A bank run occurs when there are rumors (possibly true, possibly false) that a bank is at financial risk of having negative net worth. As a result, depositors rush to the bank to withdraw their money and put it someplace safer. Even false rumors, if they cause a bank run, can force a healthy bank to lose its deposits and be forced to close. Deposit insurance guarantees bank depositors that, even if the bank has negative net worth, their deposits will be protected. In the United States, the Federal Deposit Insurance Corporation (FDIC) collects deposit insurance premiums from banks and guarantees bank deposits up to $250,000. Bank supervision involves inspecting the balance sheets of banks to make sure that they have positive net worth and that their assets are not too risky. In the United States, the Office of the Comptroller of the Currency (OCC) is responsible for supervising banks and inspecting savings and loans and the National Credit Union Administration (NCUA) is responsible for inspecting credit unions. The FDIC and the Federal Reserve also play a role in bank supervision.

When a central bank acts as a lender of last resort, it makes short-term loans available in situations of severe financial panic or stress. The failure of a single bank can be treated like any other business failure. Yet if many banks fail, it can reduce aggregate demand in a way that can bring on or deepen a recession. The combination of deposit insurance, bank supervision, and lender of last resort policies help to prevent weaknesses in the banking system from causing recessions.

References

U.S. Department of the Treasury. “Office of the Comptroller of the Currency.” Accessed November 2013. http://www.occ.gov/.

National Credit Union Administration. “About NCUA.” Accessed November 2013. http://www.ncua.gov/about/Pages/default.aspx.

Questions & Answers

If a good is a normal good, which of the following statment is correct
Mhmad Reply
bigman. xarbi
Bigman
why did nominal GDP rise by morethan real GDP during Q3 of 2020? what accounts for the difference?
Alara Reply
nominal GDP is not adjusted to the inflation, real GDP is adjusted.
Aisha
Which countries' nominal GDP?
Anton
or global GDP? gross world product :) I think that is a relevant detail
Anton
nominal GDP use current year in calculation of GDP while real GDP use base year in calculation of GDP,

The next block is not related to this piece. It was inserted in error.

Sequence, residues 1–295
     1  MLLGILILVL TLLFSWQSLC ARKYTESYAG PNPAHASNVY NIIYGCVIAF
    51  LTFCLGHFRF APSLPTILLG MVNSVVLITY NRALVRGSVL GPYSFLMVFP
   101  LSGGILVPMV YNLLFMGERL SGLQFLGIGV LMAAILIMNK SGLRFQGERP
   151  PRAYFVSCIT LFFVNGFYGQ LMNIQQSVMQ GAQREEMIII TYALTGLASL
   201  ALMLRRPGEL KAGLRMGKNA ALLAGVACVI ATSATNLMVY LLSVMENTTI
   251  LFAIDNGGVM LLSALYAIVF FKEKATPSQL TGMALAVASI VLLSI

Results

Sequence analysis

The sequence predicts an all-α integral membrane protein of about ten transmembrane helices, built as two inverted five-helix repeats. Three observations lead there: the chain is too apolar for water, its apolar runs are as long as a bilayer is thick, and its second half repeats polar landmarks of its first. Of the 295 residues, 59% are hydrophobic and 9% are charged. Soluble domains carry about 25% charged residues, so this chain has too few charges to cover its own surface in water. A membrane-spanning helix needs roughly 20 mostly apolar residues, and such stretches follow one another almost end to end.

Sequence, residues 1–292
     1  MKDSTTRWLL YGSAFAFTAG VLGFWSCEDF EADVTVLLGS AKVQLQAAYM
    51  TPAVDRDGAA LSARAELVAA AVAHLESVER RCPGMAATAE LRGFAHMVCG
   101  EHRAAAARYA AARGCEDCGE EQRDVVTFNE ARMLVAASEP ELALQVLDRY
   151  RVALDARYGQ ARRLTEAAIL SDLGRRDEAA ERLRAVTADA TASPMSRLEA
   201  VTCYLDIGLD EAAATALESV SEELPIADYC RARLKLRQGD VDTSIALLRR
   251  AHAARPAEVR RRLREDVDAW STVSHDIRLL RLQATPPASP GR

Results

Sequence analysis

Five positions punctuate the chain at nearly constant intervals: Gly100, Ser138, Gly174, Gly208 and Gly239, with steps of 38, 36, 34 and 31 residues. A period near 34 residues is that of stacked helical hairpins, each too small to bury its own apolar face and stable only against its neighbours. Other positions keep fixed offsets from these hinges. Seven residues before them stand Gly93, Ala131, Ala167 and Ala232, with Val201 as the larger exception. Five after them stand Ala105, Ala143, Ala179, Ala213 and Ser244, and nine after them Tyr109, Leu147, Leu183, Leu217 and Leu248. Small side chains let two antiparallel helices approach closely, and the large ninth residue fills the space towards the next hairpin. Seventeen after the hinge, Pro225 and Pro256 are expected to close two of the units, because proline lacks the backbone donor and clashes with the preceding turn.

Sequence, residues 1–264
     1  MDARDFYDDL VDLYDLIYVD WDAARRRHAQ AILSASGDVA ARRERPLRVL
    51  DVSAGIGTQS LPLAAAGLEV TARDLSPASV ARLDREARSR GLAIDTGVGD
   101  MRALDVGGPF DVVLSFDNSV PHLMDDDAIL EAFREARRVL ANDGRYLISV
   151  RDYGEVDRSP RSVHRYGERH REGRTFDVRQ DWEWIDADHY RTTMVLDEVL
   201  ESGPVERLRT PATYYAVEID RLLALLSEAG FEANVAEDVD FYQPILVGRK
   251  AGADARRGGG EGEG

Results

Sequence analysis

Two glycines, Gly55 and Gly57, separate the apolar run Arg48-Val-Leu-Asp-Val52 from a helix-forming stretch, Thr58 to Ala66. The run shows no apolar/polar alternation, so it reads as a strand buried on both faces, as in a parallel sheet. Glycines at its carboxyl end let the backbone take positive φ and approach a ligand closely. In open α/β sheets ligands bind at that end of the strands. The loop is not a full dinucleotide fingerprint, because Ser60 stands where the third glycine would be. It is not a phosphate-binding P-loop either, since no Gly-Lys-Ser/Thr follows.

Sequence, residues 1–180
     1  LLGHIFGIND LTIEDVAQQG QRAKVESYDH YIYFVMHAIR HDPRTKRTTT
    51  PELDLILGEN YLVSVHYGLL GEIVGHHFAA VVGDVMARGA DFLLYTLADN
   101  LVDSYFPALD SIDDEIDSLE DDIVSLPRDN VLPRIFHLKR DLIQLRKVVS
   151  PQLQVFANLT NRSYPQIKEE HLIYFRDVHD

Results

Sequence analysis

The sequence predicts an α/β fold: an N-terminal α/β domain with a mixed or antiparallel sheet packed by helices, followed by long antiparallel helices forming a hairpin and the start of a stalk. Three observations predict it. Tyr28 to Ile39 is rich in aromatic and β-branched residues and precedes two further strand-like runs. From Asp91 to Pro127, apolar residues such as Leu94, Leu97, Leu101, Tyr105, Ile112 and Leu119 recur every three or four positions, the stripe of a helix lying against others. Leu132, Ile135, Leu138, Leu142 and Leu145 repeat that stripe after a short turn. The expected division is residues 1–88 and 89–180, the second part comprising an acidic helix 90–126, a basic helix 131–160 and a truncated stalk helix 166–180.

HASHIM
what is trade
Aqsa Reply
exchange of goods and services
Uzair
how do u understand real income
lubega Reply
Income that earned by factor of production is called National income
Piyush
what is trade balance
Aqsa
.
Bigman
whatsap
Bigman
anyone to shade more light on elasticity demand?
Ashraf Reply
How are the diminishing marginal utility and negatively sloped demand curve related
Siva Reply
what are the types of trade cycle
riziwani Reply
no saving and tax always subtract from NDPmp
Piyush Reply
these are not part of national income
Piyush
how so?
SUB
but it was given
Keyrene
tax always subtracted from?
Keyrene
tax are always subtracted from what?
Asante
keynesian consumption function explain and function
Abdullah Reply
is saving and direct taxes part of income method?
Keyrene
no
Piyush
then where should it belong?
Keyrene
what is the rules of macroeconomics
Amadou Reply
Q1. Discuss the comparative analysis of different economic systems which are prevalent around the world. Give detail examples of different countries where different economic systems are in operation. Also discuss how these countries solve the three basic economic problems of what, how and for whom to produce.
Sami Reply
as interest rates increase what happens to planned investment and aggregate expenditures
Patrick Reply
what is applied economic
Micheal Reply
what is the Demand curve
Patrick
how does one analyze a market where both demand and supply shift
Reymark Reply
explain and justify the effect of the event to the demand and supply for direction then apply the elasticity concepts for extent , support with diagrams
samantha
objective of macro economic
saroj Reply

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Source:  OpenStax, Macroeconomics. OpenStax CNX. Jun 16, 2014 Download for free at http://legacy.cnx.org/content/col11626/1.10